Los Angeles–based artist Rakeem Cunningham uses photography, collage, installation, and video to explore the nuances of queer black experience. Dressed and undressed in polyester superhero costumes, leotards, kimonos, wigs, and other items, Cunningham stages himself within unpretentious arrangements of draped fabrics, cast off foam, salvaged classroom materials, acetates, bubble wrap, fake grass, painted wood, and painters tape—a vernacular aesthetics of the San Fernando Valley that are both spontaneous and optimistic. Contrapposto while gazing into the distance or balancing while gracefully drawing an oversized weapon-sculpture—Cunningham appropriates poses from a cascade of emotionally charged scenes sourced from manga, anime, and video games. As a queer youth of color, he idolized heroes that didn’t look like him, taking solace in the trials and tribulations of each character. Often bullied by his peers for his niche special interest, Cunningham revisited these characters as an adult, proudly honoring his past self. Each portrait is a declaration of subjectivity and existence—proof of self-validation and an ongoing healing journey that expands upon a definition of hero.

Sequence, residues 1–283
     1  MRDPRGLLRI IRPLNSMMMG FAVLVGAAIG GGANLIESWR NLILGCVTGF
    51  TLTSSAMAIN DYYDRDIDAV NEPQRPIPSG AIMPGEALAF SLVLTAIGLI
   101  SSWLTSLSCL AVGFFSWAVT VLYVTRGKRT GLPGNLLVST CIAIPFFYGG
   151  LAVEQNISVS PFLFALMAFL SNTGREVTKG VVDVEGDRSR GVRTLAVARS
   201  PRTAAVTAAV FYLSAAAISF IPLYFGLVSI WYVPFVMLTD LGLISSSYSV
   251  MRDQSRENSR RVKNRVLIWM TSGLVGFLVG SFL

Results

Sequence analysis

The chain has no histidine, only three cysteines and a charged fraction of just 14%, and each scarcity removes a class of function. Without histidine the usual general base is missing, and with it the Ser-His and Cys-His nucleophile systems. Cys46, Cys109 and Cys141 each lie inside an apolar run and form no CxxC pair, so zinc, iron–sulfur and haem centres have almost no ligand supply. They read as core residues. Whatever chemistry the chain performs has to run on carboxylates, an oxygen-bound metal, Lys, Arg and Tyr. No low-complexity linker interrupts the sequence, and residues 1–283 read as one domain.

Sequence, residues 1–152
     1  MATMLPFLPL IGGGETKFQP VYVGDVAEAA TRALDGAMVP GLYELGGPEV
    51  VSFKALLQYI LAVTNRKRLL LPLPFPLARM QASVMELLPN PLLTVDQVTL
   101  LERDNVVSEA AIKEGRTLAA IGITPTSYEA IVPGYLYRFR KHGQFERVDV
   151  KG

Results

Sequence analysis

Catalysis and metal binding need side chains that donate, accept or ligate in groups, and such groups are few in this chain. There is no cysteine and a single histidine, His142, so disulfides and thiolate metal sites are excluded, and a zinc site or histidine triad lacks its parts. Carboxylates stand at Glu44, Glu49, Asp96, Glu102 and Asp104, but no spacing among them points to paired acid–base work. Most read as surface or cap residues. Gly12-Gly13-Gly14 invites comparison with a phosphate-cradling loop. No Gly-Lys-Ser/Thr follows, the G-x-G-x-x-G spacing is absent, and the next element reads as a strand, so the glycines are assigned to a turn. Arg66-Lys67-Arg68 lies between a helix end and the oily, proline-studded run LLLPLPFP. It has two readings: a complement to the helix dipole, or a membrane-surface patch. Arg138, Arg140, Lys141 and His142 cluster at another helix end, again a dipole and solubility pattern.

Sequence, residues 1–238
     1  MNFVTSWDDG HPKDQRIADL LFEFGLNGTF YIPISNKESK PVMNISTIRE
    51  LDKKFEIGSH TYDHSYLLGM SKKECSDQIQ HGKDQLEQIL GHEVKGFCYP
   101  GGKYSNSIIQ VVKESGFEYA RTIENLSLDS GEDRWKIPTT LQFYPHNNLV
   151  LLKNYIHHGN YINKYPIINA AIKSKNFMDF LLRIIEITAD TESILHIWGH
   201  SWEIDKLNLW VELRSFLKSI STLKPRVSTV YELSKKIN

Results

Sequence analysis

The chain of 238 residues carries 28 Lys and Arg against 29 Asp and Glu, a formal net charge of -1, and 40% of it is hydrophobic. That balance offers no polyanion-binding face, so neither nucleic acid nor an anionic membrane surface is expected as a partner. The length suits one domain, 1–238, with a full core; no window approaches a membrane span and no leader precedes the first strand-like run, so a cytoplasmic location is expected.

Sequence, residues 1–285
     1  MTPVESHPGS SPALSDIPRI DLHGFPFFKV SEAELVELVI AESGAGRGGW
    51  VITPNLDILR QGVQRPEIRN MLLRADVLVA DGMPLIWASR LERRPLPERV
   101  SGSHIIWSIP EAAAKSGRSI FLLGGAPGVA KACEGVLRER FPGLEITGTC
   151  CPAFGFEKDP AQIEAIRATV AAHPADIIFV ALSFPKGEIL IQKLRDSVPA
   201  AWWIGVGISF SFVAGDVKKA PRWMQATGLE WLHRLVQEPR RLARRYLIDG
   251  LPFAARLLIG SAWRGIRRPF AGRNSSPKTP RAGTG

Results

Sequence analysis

Email: [email protected]